Culture change pays off by increasing the quality of care in nursing homes, according to a new study from Brown University.
Seniors are completing advance directives in record numbers, but this is not having the expected effect of shifting people from hospitals to hospices in their last days, say researchers from the University of Michigan and the Veterans Affairs Ann Arbor Healthcare System.
When I lived in Baltimore, a stray, mangy cat adopted us. I am not trying to equate my cat with someone's parent, but I was reminded of Minou's last days when reading the dissertation of Mariette Klein on dementia caregivers. Specifically, how hard it can be to know what healthcare decisions to make for a loved one.
Residents of long-term care facilities who are cognitively impaired and on feeding tubes have high numbers of potentially preventable emergency room visits and hospitalizations, according to newly published research findings.
Nursing homes should adopt evidence-based approaches to pressure ulcer prevention and treatment, but significantly more research is needed to support this goal, a professor of geriatric medicine said in November.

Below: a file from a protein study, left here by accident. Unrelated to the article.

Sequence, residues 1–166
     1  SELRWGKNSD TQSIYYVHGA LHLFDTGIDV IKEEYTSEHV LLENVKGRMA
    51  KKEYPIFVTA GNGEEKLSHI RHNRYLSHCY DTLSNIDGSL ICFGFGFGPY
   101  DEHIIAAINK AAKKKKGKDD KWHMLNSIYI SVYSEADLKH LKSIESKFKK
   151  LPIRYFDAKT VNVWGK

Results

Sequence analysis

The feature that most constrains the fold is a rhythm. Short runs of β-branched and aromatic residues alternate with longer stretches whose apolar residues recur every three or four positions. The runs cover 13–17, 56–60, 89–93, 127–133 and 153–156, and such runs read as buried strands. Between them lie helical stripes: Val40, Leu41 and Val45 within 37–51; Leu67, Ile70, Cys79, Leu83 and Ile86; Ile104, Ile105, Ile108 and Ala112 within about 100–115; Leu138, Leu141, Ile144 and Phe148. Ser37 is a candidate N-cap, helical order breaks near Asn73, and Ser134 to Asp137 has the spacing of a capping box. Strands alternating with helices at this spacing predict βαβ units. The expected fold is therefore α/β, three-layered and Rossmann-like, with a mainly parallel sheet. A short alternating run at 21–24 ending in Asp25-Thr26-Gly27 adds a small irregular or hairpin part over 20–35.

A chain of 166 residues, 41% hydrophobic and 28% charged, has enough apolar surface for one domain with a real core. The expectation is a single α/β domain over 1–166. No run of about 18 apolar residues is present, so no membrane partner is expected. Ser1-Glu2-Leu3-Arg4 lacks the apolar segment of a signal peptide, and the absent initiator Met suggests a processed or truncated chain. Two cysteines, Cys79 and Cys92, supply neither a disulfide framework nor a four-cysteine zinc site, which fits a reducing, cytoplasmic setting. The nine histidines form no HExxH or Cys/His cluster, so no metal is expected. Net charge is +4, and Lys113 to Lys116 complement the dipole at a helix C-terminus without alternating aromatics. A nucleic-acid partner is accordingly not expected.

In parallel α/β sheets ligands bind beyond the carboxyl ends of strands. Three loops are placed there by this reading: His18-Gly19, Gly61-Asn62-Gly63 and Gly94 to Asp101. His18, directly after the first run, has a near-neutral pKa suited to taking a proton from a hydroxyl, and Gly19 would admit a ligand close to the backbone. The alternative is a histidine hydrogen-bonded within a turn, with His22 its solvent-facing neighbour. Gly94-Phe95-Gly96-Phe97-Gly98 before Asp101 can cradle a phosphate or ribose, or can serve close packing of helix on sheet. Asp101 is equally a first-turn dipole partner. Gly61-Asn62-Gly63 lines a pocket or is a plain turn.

CMS recently made changes to surveyor guidance on feeding tubes. Nursing homes must look at their policies, documentation and education practices in order to assess whether a feeding tube is appropriate.
The Centers for Medicare & Medicaid Services recently began promoting nursing home dining practice recommendations that stress resident choice and urge providers to use caution with restricted diets.
As leaders in post-acute care, we need to stay abreast of the regulatory changes and its impact on our operations. In healthcare the one thing that remains consistent is change! Effective December 1, 2012, there are a series of Survey and Certification Memorandums from CMS that affect clinical provision of care as well as survey process changes.
Terminally ill cancer patients had a better quality of life when they could die at home and avoid intense life-prolonging measures, a new study finds.
New research suggests that feeding tubes can cause or worsen pressure ulcers in elderly dementia patients — a finding that contradicts the commonly held belief that feeding tubes promote healing.